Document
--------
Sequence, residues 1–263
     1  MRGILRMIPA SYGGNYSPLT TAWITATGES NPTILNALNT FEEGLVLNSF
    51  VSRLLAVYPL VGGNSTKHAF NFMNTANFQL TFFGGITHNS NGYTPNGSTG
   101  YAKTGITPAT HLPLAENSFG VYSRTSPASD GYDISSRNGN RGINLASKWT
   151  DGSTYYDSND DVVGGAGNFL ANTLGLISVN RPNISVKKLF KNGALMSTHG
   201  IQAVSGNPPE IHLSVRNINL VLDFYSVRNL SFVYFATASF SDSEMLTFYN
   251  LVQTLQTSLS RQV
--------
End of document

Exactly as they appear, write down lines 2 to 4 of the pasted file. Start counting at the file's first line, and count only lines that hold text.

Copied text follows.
     1  MRGILRMIPA SYGGNYSPLT TAWITATGES NPTILNALNT FEEGLVLNSF
    51  VSRLLAVYPL VGGNSTKHAF NFMNTANFQL TFFGGITHNS NGYTPNGSTG
   101  YAKTGITPAT HLPLAENSFG VYSRTSPASD GYDISSRNGN RGINLASKWT